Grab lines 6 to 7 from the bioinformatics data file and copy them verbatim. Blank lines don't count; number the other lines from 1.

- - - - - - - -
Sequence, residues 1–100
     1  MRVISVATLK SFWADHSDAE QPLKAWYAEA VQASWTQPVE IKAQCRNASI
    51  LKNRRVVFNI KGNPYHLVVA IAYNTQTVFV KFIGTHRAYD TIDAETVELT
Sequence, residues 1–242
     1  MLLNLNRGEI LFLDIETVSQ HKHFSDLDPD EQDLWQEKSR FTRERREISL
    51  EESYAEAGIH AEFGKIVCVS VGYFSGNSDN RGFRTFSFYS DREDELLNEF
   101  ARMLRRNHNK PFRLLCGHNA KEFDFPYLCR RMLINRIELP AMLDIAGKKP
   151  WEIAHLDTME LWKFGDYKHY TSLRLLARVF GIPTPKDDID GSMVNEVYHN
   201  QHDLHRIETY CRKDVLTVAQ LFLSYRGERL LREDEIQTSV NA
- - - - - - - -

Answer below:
    51  EESYAEAGIH AEFGKIVCVS VGYFSGNSDN RGFRTFSFYS DREDELLNEF
   101  ARMLRRNHNK PFRLLCGHNA KEFDFPYLCR RMLINRIELP AMLDIAGKKP